big President Bill Fuller, September 2018
When my daughter first started eating solid foods, she ate pretty much everything we gave her. Thai Larb Gai, Indian Gobi Aloo, Mr. Shu sushi at Umi, she ate it all. My pride knew that her advanced and adventurous palate reflected my passion for food. “Of course big Chef Bill Fuller’s firstborn eats everything! She was exposed in the womb to all sorts of deliciousness and her tastes evolved and solidified before she took a breath! She will be my lifelong adventurous eating buddy.”
As her third birthday approached, everything went white. Chicken breast trimmed absolutely clean became her preferred meat. Steak had to be lean and completely denuded. Rice ruled, but don’t make the mistake of putting much more than a few drops of sauce on it. She cried if her bagel toasted and became actually browned. Turkey sandwiches, no dressing at all. The worst was pasta. She would only eat plain, buttered pasta. If served pasta with sauce, she would work on the edge pieces that had the least sauce. We worried about her getting enough calories and nutrients.
Of course, this change didn’t happen clearly, her new dietary habits delineated with a memo and a flow chart. It happened slowly, frustratingly, infuriatingly a tiny bit at a time. Meals barely touched, crying at the table, and irritated parents. But over the course of a few months she had communicated her new preferences to us. We fought back, of course, but often found a way to adjust slightly so everyone could have a peaceful mealtime. Big Mr. Chef’s daughter had her earliest (of many) lessons in humility for her father.
At least she loved milk. Huge glasses of organic, Vitamin D fortified whole milk. Most of her physical development during elementary school came from square two quart cartons.
Of course, we continually tried to add back in and were regularly rejected. We continued to prepare foods fit for grown adults. So we would put it on her plate, the edge of the pasta with the least sauce, the leanest slices of the meat, pulled pork with no sauce and no fat and not on bread and not really any brown crusty stuff. She would eat a little. We’d sneak a little flavor in, sometimes win, often losing. I have to clarify that we never went to fully separate meals. That would have been knuckling under to her wishes. We just worked the edges.
At one point, a few years into it, I made a big batch of pesto from the garden basil. It was the end of the summer, I couldn’t battle the weeds and slugs and sun anymore, and the basil was about to bolt. I made the big batch, froze most of it, and made pasta with vegetables and pesto for dinner. With trepidation, I tossed ALL the pasta in the pesto and placed in on the table. It was a sauce on pasta, bad. Not only that, it had little bits of pine nut and cheese in it. Really bad. And finally, it was GREEN. Terrible. I foresaw a protracted battle ending in tears.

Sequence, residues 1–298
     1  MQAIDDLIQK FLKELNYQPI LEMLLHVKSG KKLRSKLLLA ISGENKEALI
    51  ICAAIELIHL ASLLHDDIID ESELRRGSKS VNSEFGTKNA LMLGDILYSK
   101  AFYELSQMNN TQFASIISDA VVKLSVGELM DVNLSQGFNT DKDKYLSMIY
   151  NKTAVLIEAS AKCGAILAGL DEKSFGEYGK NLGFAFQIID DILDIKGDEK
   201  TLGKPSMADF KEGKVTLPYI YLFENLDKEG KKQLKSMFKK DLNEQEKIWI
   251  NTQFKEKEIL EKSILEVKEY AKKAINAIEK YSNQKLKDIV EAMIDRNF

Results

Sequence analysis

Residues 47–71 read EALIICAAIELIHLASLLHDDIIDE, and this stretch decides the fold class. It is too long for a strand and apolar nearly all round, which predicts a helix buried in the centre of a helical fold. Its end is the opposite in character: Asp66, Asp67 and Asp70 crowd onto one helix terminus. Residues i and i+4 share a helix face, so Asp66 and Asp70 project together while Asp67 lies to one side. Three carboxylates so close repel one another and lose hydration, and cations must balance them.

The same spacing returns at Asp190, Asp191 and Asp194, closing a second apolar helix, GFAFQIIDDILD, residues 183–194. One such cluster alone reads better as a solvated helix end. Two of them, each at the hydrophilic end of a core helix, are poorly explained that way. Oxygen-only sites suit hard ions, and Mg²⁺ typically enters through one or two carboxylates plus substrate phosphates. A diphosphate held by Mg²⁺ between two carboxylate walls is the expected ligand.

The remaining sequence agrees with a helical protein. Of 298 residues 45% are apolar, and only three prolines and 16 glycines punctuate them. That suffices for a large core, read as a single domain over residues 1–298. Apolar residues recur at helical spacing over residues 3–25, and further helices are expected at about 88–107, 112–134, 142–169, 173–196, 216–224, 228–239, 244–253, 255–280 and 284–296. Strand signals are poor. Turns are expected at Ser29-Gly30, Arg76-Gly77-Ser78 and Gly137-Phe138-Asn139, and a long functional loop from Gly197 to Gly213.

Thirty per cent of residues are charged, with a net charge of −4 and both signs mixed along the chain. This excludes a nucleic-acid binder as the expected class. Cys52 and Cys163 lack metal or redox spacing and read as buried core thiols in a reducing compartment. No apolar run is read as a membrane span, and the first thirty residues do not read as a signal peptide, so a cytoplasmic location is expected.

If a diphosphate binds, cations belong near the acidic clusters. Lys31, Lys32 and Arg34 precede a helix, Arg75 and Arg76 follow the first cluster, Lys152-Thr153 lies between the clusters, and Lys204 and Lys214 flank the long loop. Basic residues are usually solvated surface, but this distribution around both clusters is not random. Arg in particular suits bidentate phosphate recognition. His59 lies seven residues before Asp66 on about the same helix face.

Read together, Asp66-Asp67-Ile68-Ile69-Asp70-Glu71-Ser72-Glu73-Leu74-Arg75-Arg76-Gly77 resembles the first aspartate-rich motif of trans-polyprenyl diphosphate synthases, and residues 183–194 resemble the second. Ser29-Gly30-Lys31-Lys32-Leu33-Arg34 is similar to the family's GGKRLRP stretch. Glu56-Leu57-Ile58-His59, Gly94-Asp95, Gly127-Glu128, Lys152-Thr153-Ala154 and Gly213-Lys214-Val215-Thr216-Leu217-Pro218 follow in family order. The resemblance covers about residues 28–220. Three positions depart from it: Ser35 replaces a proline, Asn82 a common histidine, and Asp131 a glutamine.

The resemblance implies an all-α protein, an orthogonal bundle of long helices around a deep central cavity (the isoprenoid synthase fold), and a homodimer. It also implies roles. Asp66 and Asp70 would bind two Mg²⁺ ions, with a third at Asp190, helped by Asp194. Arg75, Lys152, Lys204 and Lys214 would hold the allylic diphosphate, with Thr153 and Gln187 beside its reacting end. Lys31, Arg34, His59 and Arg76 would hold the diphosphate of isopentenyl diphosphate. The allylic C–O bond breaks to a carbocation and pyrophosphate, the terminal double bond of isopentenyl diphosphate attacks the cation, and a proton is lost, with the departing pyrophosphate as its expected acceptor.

She spooned some onto her plate (from the very second she could she insisted on serving herself every time and has to this day). She took quite a portion. I asked her if she really thought she would eat that size portion. She replied,
“I love pesto.”
And dug into the pasta. We had never fed her pesto, nor had memory of her learning to like pesto. She deftly avoided the vegetables but consumed all her pesto pasta. Since then, she has adored pesto. We have made it together in both hot summer kitchens of her life. We have eaten it hot and cold. When we have it, she cooks herself some pasta and tosses it with pesto for a snack. She recently made pesto pasta for her boyfriend!
Since that time, to our relief, she has added foods back into her diet. It happens suddenly and she acts like she has eaten the item forever and how could we have been so foolish as to have not known she likes this thing. She still, however, trims off all the fat from her meat.
I love pesto in late summer. The day comes when I pick all my basil and make a huge batch. I generally make a green mess of everything. Here are some pointers:
- The freshest, most robust basil is the best. Don’t settle for limp or black basil.
- The flower tops and smaller stems are fine in there. When in doubt, taste it. The upper soft stems taste like basil and puree just fine.
- Use primarily large-leafed Italian basil, but some other varieties mixed in are fine. This year I had a robust Thai basil plant and added about 25% Thai basil to my batch. Totally delicious.
- You can add other herbs, too! Arugula is really nice. A touch of mint is delicious, especially if you are going for a more Eastern Mediterranean flavor. Some oregano for a richer flavor.
- Kale pesto is not necessary. Stop.
- Use fresh garlic and as much as you want. Some people like it less garlicy, some more. Use the attached recipe as a baseline and adjust.
- To toast or not to toast the pine nuts. I waver on this. Most recipes suggest toasting the nuts. However, I think the sweet richness of pine nuts is nice without the toasted overtones. I think, too, that the pine nuts are a little less rich once toasted, that they lose a little of their oil. Your call. But if you do toast them, allow them to cool all the way before making the sauce.
- USE A BLENDER! I don’t know why so many recipes suggest using a food processor. A blender makes a nicer pesto with a better texture. I believe it stays greener longer. However, you will have to work it down the sides with a rubber spatula occasionally. You can turn the blender off or not when you work down the sides with the spatula but, be advised, that the rubber chunks from a blended spatula never work out in the final dish.
- Stir in the cheese so it retains some texture.
- Use pesto on more than pasta. I have attached two recipes that do not have pesto on pasta. However, the best application of pesto in the universe is to dip still-warm freshly baked bread into freshly made pesto.
Make a lot of pesto and eat it all!